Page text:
Hundreds, possibly thousands, of Americans planted the mystery seeds they received in the mail over the summer, against the advice of US authorities, while others decided to pop them in their mouths. That's according to Jason Koebler at Vice, who read through "thousands of internal emails" from state agricultural authorities and the USDA. They revealed a seed operation "much larger than ... was originally reported," Koebler writes, noting "it is safe to say that tens of thousands of Americans received what they perceived to be Chinese mystery seeds in July." Agricultural departments in several states were overwhelmed as they received more than 1,000 reports of mysterious seed packages, often appearing to be from China and said to be part of a "brushing" scam. Some people admitted to eating the seeds or the plants that grew.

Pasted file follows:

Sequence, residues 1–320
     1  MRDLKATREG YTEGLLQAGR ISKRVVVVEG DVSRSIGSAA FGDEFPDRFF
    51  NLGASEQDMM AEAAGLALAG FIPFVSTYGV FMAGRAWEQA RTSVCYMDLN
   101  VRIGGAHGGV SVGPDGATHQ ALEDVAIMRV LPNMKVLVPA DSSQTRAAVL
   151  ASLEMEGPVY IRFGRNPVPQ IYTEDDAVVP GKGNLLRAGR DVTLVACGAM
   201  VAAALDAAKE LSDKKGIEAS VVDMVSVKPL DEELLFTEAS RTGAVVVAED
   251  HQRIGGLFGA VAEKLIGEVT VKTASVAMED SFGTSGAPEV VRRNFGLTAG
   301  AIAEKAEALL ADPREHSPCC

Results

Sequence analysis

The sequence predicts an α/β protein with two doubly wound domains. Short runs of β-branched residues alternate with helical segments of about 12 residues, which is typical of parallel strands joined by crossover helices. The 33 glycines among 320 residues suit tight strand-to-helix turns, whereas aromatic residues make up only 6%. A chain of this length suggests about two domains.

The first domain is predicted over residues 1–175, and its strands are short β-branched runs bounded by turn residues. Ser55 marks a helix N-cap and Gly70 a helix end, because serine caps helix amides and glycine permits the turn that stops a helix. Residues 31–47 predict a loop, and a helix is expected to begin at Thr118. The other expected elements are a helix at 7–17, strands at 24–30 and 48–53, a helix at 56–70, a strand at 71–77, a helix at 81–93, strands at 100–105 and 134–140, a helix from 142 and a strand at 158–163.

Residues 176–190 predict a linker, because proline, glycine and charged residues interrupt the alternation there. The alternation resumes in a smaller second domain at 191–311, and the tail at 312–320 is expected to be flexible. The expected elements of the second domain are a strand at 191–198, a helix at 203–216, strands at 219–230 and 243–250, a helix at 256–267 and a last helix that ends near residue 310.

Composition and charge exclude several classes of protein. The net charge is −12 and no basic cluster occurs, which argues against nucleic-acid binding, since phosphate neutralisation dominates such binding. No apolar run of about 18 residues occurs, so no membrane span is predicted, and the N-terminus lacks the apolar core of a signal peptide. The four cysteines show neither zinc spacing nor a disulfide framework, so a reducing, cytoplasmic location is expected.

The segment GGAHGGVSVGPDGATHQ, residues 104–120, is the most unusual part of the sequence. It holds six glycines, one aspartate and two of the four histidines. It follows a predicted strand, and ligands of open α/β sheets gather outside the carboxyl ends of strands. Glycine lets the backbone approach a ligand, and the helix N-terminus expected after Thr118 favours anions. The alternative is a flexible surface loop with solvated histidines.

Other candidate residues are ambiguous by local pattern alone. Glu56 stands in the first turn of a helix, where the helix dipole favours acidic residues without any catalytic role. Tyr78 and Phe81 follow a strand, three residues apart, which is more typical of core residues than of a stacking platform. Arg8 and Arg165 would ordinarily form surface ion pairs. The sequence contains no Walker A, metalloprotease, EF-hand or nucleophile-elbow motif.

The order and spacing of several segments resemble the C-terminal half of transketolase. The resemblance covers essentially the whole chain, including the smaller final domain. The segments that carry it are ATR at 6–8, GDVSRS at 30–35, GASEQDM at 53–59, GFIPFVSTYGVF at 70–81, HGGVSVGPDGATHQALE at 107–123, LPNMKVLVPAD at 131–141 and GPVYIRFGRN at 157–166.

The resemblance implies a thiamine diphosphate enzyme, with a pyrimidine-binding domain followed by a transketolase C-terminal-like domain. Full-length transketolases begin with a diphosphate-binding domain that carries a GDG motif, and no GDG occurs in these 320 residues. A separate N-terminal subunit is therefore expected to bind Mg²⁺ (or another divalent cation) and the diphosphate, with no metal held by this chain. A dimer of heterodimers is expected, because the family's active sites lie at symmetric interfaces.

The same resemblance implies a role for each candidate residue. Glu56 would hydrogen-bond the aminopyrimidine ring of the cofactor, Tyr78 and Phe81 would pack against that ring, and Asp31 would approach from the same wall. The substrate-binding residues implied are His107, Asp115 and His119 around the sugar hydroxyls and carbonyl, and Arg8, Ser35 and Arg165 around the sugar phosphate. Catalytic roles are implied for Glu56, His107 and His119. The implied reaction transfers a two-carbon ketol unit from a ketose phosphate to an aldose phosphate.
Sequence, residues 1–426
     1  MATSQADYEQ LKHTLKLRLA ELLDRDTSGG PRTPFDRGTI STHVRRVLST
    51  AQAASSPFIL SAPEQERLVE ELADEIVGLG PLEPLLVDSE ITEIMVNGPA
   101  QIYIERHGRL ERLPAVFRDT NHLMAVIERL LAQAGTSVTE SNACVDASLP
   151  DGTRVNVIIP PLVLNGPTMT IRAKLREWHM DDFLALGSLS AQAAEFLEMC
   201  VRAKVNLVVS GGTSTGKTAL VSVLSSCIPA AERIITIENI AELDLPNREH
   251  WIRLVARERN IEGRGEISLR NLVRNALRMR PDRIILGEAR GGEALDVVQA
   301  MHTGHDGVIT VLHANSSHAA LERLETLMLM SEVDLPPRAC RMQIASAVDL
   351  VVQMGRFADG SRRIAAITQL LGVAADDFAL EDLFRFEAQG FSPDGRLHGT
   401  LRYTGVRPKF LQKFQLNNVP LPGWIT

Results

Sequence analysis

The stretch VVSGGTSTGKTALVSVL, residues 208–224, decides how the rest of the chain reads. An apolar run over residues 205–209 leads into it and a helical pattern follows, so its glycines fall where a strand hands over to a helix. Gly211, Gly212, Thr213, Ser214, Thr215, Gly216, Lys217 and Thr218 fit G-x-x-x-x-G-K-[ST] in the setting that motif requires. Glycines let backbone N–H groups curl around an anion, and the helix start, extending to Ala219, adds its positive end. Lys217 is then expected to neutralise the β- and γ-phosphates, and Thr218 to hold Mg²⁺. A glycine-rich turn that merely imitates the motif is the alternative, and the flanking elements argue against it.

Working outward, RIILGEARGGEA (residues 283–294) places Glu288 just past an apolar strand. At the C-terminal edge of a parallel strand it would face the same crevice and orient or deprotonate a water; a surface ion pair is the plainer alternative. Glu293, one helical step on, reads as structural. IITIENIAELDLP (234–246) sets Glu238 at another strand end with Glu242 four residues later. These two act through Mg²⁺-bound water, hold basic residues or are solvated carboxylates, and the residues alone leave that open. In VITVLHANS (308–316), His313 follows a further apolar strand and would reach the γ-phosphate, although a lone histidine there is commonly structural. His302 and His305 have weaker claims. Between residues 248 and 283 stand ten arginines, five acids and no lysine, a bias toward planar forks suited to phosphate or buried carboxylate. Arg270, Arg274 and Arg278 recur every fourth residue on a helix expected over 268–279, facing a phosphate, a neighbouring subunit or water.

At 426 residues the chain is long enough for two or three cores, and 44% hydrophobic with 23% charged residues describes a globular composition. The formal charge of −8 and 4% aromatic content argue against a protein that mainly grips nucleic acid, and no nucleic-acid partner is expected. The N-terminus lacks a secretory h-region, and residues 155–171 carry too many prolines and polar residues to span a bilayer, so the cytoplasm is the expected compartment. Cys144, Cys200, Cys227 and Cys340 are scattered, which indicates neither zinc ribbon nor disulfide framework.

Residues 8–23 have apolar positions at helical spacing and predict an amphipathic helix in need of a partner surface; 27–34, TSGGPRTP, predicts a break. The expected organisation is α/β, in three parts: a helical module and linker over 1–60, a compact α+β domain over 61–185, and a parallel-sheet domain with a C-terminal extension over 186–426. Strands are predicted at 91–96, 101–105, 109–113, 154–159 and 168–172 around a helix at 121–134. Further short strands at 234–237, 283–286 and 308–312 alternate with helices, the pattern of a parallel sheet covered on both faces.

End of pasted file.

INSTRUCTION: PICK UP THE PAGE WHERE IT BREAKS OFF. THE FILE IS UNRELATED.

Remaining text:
Koebler notes several recipients had, in fact, ordered seeds from Amazon. "Like a dumbass, I planted them, not knowing there was a problem," a New Mexico woman reported in late July. She said "everything that's in the garden where I planted them ... are starting to die." The USDA notes many of the seeds were for flowers, herbs, and vegetables and were not harmful, per the New York Times. However, some were identified as "noxious weeds," Koebler writes. The USDA advised states to destroy all seeds and plants, just to be safe. The documents revealed little "about how the scam worked, or why it happened," Koebler adds, noting this "seems to be much larger than any other known brushing campaign or any other seed mailing campaign." Authorities, including the FBI, continue to investigate. (Amazon has now banned seed imports.)